One of the scary “floating” bike lanes on Roosevelt Road. Image: Google Maps

But why all the hate for door zone lanes? As the nickname suggests, when people enter or exit parked cars to the right of these kinds of lanes, the open door may occupy part of the lane, creating the risk that a cyclist may strike it, with potentially tragic results. Motorists, you should always do a move called the Dutch reach, opening the car door with your opposite hand, which encourages you to check over your shoulder for people on bikes.

Using your inside hand to open a car door could save a life. Image: Wikipedia
Using your inside hand to open a car door could save a life. Image: Wikipedia

However, unless a driver is flinging their door open at full force, I think it’s actually pretty easy to avoid getting doored in a door zone lane. Assuming you’re biking at, say, 15 mph or less, if you ride in the left-most portion of the bike lane, you should have plenty of time to react to a motorist opening their door by looking behind you for traffic and merging into the mixed-traffic lane, or else hitting the brakes. That’s if it is necessary to get out of the way at all – depending on how wide the the bike lane is, if you’re riding in the left-most portion, an open door may not even block your path.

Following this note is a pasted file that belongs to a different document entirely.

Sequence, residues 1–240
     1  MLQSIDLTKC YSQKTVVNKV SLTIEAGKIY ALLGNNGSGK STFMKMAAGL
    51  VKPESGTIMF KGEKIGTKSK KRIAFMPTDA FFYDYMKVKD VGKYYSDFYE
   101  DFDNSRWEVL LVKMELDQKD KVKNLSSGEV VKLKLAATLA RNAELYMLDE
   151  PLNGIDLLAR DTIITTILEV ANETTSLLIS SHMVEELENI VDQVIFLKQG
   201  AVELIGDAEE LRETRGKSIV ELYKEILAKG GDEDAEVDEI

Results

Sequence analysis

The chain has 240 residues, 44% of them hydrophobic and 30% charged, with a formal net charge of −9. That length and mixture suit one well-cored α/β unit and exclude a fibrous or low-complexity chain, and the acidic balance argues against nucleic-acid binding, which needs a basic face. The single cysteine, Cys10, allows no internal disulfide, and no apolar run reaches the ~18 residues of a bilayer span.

Ride a foot or two from the left line of a "door zone" bike lane at a moderate pace, and you're very unlikely to get doored. Photo: John Greenfield